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‘Waltz With Bashir’ is one of ’08's best films

Unlike anything you’ve ever seen before, “Waltz With Bashir” will change your ideas about the possibility of film.
/ Source: The Associated Press

Unlike anything you’ve ever seen before, “Waltz With Bashir” will change your ideas about the possibility of film.

It’s an animated documentary, which probably sounds like a contradiction in terms, but even describing it that way threatens to place it in the kinds of tidy, well-defined boxes that “Waltz With Bashir” consistently defies.

Maybe it’s best just to describe what director Ari Folman has done.

The former Israeli army soldier finds himself unable to recall his involvement in a massacre that occurred during the Lebanon war in 1982. A longtime friend, who’s still haunted by what he saw back then, reminds Folman of it at a bar one night, but Folman can’t even reach the slightest sliver of a memory in his mind.

And so he takes a camera and visits his fellow former troops, both close pals and people he hasn’t talked to in ages, in hopes of piecing together the bloody events that took place at the Palestinian refugee camps of Sabra and Shatila. He even talks to veteran war correspondent Ron Ben-Yishai for his insights. Each of them speaks with Folman quietly, intimately, which makes us feel as if we, too, are in on the conversations — as if we’re somehow helping him unravel the mysteries of his past.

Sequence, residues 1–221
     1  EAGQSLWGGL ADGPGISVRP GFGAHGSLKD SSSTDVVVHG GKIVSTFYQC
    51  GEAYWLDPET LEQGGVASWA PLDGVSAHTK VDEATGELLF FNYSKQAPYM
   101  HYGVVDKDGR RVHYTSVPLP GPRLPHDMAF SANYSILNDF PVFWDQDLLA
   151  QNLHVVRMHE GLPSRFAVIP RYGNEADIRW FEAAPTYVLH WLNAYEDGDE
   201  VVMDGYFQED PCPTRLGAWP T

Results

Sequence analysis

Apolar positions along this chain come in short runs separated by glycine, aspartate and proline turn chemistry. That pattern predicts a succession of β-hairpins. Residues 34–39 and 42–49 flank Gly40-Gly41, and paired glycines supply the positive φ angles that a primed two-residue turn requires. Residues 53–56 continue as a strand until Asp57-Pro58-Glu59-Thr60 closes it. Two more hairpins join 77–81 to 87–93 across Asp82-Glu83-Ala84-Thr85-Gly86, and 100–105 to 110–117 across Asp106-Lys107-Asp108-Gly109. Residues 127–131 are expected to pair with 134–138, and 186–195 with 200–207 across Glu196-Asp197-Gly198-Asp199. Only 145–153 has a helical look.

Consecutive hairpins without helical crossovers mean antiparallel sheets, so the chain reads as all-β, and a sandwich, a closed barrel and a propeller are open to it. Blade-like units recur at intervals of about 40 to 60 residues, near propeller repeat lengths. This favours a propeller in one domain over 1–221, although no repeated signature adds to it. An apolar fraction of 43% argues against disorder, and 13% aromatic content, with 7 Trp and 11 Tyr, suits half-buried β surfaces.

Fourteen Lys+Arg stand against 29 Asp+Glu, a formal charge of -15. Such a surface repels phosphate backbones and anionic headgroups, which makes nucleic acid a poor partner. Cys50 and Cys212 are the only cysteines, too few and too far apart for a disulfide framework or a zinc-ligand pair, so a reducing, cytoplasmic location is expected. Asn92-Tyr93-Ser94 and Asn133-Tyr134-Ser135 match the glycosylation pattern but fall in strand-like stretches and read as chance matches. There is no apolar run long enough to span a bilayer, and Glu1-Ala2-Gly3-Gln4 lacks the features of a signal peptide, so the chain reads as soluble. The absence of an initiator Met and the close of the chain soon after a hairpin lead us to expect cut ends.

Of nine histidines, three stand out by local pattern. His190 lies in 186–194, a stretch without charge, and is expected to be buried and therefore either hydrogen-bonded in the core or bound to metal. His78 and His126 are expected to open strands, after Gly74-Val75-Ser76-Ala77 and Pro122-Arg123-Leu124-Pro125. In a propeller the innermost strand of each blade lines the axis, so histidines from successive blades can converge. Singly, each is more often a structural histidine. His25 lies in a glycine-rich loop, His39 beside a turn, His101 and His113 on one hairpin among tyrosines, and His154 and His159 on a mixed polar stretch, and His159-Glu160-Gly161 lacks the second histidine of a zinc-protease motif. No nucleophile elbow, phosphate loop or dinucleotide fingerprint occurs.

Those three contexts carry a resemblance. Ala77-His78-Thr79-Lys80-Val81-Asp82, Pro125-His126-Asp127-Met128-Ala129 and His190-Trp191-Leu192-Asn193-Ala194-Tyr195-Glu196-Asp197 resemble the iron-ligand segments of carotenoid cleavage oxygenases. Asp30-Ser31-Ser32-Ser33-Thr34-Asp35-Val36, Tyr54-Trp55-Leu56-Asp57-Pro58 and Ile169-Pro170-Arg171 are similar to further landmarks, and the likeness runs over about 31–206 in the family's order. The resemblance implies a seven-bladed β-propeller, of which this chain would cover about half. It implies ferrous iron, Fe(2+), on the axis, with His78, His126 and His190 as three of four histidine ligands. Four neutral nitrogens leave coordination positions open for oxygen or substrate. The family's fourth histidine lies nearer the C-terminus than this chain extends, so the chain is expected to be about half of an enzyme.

Once he finished his research, Folman then gathered the video footage of all those discussions and, through a hand-drawn process that took four years of painstaking work, had it illustrated by a team led by animation director Yoni Goodman and artistic director David Polonsky.

The result is breathtaking: With bold strokes and delicate details, it looks like a graphic novel come vibrantly to life. Dark shadows suggest impending danger, and bright splashes of color provide unexpected jolts of energy. That the figures on screen resemble real people, without appearing entirely realistic, adds to the fascination.

Through Folman’s innovative eyes, the scene that provides the film with its title is both tense and dreamlike. One of his comrades, Shmuel Frenkel, grabs a machine gun in the middle of a firefight and jumps into a West Beirut square, simultaneously dodging bullets and firing off countless rounds of his own. The combination of the two acts looks to Folman like a dance, one that happens to take place in front of murals of Israel’s Lebanese ally, Christian militia leader Bashir Gemayel.

Similarly, as the massacre in question builds to its crescendo, the journalist Ben-Yishai is depicted as an invincible warrior himself, striding unscathed through the gunfire with his shoulders back and his head held high. But “Waltz” mercifully also has its lighter moments — Folman remembers an old girlfriend at a dance club, for example, and early ‘80s music helps set the period mood.

One of the year’s best pictures, “Waltz With Bashir” will stick with you long afterward, both for its startling content and striking imagery.